Second game: By the time the NBA All-Star Game was played in February 2013, LeBron James had just won his first NBA championship the previous season and was Finals MVP and Season MVP. LeBron would repeat that season, winning the Finals and getting both MVP’s. It can be argued that LeBron was in his peak while Kobe, 35 years old had already started his decline. In the All-Star Game’s dying minutes, the West is up double digits when the East comes within 8 points. LeBron, with more than 2 minutes remaining, goes for a jumper on top of the free throw line. Kobe blocks his jump shot. The shot never even gets to go up in the air. After a few possessions, the East reduces the deficit to 6 points behind the defense of Joakim Noah and the offense of Paul George. LeBron then tries to take control of the game and drives to his left (his strong side) with 44 seconds to go. Kobe gets his hands on the ball and swats the ball out of bounds. Next possession, LeBron backs Kobe down, gets blocked again but this time manages to get a foul call. The result of that game? The West wins.
There is also this short clip that pretty much sums up Kobe Bryant. This happened when one-time teammate Matt Barnes played for the Orlando Magic. Barnes fake throws the ball in front of Kobe’s face. Kobe does not flinch. He has absolutely no reaction.
Kobe has been so many things to the game. He’s probably most remembered for being one of the greatest scorers of all time, having scored 81 points in a game. He’s gotten a lot of flak over the years because of not passing the ball. Despite this reputation, he is also known for being a 5-time NBA Champion. So, perhaps all the shooting did work for him. Many people know that he won the Slam Dunk competition. Maybe less people know that he was on the All-Defensive Team 12 times (9 times in the First Team). Do you know that he shares the NBA record for most number of 3-pointers in a game (12) with Donyell Marshall and Steph Curry? You might be thinking that chucked up so many of them to reach 12. However, he shot a very efficient 12 for 18 from beyond the arc and an amazing 9 straight 3 point makes.
I think most of us will remember Kobe as this calm, ruthless, focused, determined winning machine. However, during this farewell tour, we saw Kobe the human. We saw the smiling Kobe who hugged all his opponents. We saw the Kobe who made LeBron James, Dwayne Wade and Paul George look like giddy kids by giving them autographed shoes. We saw the fierce competitor turn into someone who gives his adversaries respect, especially that time he nearly made Tony Allen cry by again giving his autographed shoes. Before his final game, Kobe made a speech and clearly showed that he was fighting off tears. For the first time in a 20-year career, Kobe has looked like he was having fun more than he was taking care of business.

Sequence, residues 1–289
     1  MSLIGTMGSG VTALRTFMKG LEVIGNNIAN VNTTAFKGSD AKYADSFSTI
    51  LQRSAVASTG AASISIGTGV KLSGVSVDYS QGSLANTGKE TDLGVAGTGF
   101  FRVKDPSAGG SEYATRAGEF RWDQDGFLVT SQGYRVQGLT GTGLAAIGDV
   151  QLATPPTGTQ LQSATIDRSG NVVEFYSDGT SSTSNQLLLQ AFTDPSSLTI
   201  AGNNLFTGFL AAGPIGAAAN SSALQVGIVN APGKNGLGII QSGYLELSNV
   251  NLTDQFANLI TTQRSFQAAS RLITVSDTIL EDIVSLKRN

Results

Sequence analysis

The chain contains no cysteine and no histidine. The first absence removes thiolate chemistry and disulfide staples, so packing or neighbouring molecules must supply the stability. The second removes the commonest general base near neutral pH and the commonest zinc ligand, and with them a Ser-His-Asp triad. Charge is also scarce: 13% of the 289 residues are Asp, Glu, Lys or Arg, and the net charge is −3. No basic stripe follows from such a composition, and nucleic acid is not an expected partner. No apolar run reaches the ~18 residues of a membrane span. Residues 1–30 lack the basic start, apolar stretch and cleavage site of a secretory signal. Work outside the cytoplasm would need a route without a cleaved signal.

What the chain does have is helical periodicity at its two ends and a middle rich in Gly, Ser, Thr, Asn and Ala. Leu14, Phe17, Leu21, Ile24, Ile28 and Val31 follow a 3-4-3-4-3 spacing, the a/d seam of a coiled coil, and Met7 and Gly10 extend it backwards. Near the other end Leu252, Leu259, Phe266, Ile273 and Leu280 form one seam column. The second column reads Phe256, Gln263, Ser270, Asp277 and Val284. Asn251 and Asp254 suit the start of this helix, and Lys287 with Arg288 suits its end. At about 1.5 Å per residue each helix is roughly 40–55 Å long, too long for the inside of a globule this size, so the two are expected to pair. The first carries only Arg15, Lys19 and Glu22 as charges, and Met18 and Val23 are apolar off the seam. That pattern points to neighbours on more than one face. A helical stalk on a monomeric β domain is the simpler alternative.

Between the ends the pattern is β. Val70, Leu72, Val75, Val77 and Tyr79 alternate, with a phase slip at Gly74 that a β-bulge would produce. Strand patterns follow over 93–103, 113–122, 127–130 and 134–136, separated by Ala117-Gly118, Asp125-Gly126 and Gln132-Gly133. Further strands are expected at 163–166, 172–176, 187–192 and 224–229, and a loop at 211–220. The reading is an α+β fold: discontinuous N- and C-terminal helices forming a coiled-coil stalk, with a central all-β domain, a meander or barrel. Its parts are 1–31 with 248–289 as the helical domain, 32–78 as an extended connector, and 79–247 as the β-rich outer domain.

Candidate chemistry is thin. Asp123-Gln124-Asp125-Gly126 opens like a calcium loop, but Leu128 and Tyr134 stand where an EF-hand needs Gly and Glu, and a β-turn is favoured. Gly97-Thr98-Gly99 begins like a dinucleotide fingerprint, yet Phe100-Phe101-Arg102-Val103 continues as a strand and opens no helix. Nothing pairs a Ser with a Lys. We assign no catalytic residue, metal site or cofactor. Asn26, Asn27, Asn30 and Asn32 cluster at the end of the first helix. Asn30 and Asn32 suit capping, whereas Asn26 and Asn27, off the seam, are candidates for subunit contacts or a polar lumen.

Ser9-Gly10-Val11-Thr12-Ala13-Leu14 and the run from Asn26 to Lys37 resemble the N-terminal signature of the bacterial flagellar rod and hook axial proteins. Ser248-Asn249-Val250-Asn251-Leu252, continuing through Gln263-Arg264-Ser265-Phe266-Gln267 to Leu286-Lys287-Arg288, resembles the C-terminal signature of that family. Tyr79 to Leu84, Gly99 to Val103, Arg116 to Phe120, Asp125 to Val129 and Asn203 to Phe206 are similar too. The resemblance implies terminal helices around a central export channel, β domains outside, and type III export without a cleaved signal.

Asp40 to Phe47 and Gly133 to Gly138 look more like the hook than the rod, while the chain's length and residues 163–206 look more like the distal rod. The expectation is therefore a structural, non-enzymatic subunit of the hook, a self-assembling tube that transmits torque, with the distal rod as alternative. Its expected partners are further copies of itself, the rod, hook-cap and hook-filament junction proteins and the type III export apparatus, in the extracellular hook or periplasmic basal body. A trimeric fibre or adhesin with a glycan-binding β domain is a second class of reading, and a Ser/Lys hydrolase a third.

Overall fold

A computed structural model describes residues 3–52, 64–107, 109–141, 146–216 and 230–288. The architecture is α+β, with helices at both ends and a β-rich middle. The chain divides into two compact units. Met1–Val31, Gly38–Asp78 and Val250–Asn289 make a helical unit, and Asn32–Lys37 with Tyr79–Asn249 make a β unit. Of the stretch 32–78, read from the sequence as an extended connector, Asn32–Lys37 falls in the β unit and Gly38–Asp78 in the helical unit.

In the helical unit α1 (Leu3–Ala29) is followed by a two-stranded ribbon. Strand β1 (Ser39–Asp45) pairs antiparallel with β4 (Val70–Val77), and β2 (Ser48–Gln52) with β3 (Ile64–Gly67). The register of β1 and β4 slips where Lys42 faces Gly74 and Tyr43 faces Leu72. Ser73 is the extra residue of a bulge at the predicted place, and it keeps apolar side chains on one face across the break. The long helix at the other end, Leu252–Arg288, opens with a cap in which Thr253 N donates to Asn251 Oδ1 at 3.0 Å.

His last game was against the Utah Jazz. It was the last day of the season and it was a day that history was made. The Golden State Warriors defeated the Memphis Grizzlies to become the team with the most wins in a single season in NBA history; beating out the 95-96 Chicago Bulls by 1 win with a record of 73-9. Surely, this would be the marquee game, right? Maybe it was just me, but everybody was talking about Kobe’s last game. I was in the office working and my brother in the States tells me to fire everyone and just watch the game. He was kidding, of course. But it would be hard not to watch Kobe’s last game. Based on what I saw, he wanted to show us the “machine” who had defeated countless opponents one more time. He had 60 points and essentially the game winning shot. If that’s not a fitting end to a career, I don’t know what is.
It’s funny because Kobe was criticized practically his entire career for not passing the ball enough. But on this night, his final game, whenever he got the ball, the crowd told him to shoot it… and he did. 50 times. Just to put that into perspective, Kobe shot the ball 46 times when he went for 81. The crowd wanted to see the Kobe Bryant they knew and loved (and hated) for the last time. With those 50 shots, we all understood what was happening; Kobe was determined to go out on his terms. He understood that these people wanted to see the Kobe who did not care about chucking up so many shots, for as long as he won the game. We knew who he was. Kobe was not Michael, he wasn’t Magic, he wasn’t Steph and he certainly was not LeBron. Kobe was always his own man, and people who watched him for 20 years had come to know this man. On this night, the last time we were going to see him on an NBA court, the people wanted Kobe to be Kobe… and with those 50 shots, 60 points, the go-ahead basket and the win, he was.